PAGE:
Since Alessandro Bogliolo took the helm as Tiffany & Co’s Chief Executive in 2017, he’s been seriously ramping up the jeweller’s presence in China. From launching new stores in the mainland to commissioning jewellery inspired by Chinese motifs, CEO Bogliolo’s strategy appears to be working when it reported estimated sales growth of 1 – 3% on 26 December 2019 with growth largely contributed by China. Announced in the week following the re-opening of Tiffany & Co.’s Shanghai flagship at Hong Kong Plaza, Bogliolo officiated the celebrations, commenting to media present that “the Chinese Mainland drove overall sales growth with a strong double-digit increase, offsetting persisting declines in the Hong Kong market.”
The 182-year-old New York jeweller was recently acquired by LVMH as competition in the luxury industry between conglomerates continues to intensify amidst tepid consumer demand in traditional US and Eurozone markets and heated battlegrounds Eastward particularly in China and the Asia Pacific region.
The improvement of Tiffany & Co.’s estimated sales growth is encouraging given that prolonged trade war between the United States and the second largest economy in the world has impacted specialist watch and jewellery brands including Tiffany for the last two years.
The completely renovated Tiffany & Co. Shanghai flagship store boasts a new prominent street facing location and around 10,000 square fee of retail space, almost double its previous boutique within Hong Kong Plaza, making it the largest Tiffany store in North Asia. A transparent, blue-lit glass facade fronts the spacious temple to jewellery, home to haute joallerie like the famed Tiffany & Co. Schlumberger Bird on a Rock, just one of several high-end bijoux ranging from $100,000 to millions. Tiffany’s new Shanghai boutique exhibits contemporary expressions of timeless brand elements, from Amazonite features and white marble detailing, to expansive elegant glass showcases displaying a full range of jewellery. Tiffany & Co’s Shanghai flagship in Hong Kong Plaza stands akin a beacon of hope as net sales for the Nov. 1 to Christmas Eve period rose 5 to 7% in the Asia-Pacific.
“Designed with our clients in mind, this new store is a testament of our commitment to our clientele in Greater China. By expanding our Shanghai flagship store, we continue to grow with this global city,” – Philippe Galtié, Tiffany & Co.’s Executive Vice President of Global Sales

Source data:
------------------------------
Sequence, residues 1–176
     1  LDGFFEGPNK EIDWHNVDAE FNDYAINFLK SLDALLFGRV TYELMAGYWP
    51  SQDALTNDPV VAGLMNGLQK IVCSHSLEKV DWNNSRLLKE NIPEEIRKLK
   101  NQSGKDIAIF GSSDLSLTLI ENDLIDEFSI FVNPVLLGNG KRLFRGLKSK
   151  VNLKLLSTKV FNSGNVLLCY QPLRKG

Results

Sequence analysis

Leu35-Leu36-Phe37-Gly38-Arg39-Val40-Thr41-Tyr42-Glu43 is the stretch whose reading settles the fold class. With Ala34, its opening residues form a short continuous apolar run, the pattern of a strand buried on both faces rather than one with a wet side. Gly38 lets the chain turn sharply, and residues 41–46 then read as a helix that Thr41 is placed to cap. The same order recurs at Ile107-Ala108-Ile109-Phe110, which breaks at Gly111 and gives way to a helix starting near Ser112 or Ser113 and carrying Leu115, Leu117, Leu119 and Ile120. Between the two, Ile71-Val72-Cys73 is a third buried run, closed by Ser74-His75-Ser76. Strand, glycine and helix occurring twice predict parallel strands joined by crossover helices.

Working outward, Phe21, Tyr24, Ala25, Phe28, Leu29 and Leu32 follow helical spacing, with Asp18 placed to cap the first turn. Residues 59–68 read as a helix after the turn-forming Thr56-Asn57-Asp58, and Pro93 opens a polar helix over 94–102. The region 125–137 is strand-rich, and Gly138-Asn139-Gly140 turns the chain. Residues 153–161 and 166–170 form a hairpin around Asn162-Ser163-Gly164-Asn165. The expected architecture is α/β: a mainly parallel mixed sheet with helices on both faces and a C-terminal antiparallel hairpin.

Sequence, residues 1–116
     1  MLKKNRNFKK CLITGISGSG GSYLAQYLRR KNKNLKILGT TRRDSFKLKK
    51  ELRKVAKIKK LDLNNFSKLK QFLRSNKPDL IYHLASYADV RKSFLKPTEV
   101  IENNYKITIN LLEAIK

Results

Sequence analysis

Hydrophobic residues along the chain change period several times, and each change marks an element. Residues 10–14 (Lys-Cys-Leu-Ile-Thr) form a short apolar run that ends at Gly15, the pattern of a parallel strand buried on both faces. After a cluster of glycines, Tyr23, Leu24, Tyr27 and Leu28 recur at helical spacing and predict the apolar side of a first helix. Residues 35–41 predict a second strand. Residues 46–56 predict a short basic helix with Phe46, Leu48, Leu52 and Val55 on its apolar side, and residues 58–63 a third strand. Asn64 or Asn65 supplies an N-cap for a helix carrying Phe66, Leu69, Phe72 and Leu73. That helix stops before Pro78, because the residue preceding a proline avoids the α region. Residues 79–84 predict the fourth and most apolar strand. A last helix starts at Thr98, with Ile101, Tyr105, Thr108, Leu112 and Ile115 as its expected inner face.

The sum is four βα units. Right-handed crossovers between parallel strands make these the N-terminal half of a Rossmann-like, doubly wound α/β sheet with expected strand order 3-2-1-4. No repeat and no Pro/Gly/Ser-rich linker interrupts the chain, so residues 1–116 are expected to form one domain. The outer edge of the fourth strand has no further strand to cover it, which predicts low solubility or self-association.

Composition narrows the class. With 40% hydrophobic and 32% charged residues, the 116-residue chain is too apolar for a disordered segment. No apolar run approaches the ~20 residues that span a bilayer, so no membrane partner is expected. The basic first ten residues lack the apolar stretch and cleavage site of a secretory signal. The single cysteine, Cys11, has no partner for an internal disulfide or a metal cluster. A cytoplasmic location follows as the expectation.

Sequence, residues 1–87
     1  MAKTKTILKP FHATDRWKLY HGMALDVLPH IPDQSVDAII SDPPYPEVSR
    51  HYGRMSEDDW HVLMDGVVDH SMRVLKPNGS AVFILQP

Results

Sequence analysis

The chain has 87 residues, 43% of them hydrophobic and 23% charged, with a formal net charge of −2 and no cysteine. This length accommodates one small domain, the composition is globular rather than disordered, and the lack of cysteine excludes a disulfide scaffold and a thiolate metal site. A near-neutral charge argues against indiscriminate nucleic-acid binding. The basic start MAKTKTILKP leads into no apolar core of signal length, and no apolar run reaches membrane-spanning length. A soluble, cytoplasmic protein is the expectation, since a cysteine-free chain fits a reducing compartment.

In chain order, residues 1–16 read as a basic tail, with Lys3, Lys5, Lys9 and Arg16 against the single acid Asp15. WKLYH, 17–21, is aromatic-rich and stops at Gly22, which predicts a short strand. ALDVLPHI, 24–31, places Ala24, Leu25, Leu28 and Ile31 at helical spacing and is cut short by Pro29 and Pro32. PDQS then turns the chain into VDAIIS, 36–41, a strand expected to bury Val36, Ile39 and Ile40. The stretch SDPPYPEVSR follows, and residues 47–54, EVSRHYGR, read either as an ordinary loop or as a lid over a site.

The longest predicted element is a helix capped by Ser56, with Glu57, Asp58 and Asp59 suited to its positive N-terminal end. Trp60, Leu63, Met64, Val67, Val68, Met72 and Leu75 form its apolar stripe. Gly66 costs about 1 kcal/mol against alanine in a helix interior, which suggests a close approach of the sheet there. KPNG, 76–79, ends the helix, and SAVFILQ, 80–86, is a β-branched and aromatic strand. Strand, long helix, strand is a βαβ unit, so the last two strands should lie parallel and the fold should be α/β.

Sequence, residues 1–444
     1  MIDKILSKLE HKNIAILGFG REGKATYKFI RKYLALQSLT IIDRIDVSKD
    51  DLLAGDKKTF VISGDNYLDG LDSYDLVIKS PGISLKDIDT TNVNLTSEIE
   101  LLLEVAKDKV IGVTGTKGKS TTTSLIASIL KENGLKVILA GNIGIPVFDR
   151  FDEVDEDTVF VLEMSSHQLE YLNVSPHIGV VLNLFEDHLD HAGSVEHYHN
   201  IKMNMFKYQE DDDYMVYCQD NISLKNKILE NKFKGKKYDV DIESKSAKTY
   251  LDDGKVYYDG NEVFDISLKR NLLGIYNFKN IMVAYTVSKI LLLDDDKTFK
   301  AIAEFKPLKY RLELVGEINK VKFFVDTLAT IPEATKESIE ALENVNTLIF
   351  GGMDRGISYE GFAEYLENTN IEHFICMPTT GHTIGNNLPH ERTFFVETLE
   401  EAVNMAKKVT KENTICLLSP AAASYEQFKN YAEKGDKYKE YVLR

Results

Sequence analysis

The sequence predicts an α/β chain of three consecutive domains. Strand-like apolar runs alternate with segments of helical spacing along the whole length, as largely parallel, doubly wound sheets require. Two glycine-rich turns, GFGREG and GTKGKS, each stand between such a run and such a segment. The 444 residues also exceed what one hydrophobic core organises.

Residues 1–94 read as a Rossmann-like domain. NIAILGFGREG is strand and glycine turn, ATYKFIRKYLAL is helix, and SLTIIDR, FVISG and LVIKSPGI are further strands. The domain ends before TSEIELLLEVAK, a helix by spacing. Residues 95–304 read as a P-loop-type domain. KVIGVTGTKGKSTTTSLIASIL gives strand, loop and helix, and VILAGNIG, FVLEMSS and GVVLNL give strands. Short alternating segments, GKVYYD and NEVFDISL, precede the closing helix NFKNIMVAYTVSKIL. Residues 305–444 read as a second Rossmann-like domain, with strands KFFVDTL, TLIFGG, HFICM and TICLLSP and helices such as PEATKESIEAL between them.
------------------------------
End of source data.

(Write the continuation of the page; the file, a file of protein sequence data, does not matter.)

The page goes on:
Introducing China’s second Tiffany Blue Box Cafe
A mix of classic and modern aesthetics, Tiffany also introduces an in-store novelty: China’s second Tiffany Blue Box Cafe (the first opened on One Peking Road in Hong Kong). Situated on the upper level of the Hong Kong Plaza flagship, the Tiffany Blue Box Cafe offers a one-of-a-kind dining experience.
“80% of consumers of luxury in China are millennials. I really wanted to bring to China, to Shanghai … the flagship experience you can have in New York.” – Bogliolo to CNN Business Floor-to-ceiling glass windows offer views into the iconic Tiffany Blue dining room, bringing the Tiffany Blue Box experience to life. A glass-enclosed circular opening onto the atrium entrance and a handcrafted two-story chandelier suspended from the carved circular ceiling cove visually connect the cafe with the store below.
The new Tiffany Shanghai flagship brings together cutting-edge technology with sustainable interior design—incorporating special materials and energy-saving elements that make the space LEED compliant, an indistrial benchmark for sustainability and eco-friendliness. Much like Jeff Goldblum’s irrepressible joy at discovering the hidden wonders of the Tiffany Men’s collection pop-up, the new Tiffany & Co Shanghai boutique emphasises playfulness, introducing personalisation counters and Blue Box wrapping stations in addition to the newly launched men’s collections and Home & Accessories lines. McKinsey reported that Chinese shoppers accounted for a third of global consumption on luxury goods to a tune of $115 billion and with the Chinese govt lowering tariffs and taxes to reduce the daigou strategy where travellers imported and sold luxury goods into the mainland, Chinese consumers have been making more purchases at home rather than shopping overseas. Bain reported that Chinese consumers made 27% of their luxury purchases in China in 2018, up from 23% in 2015.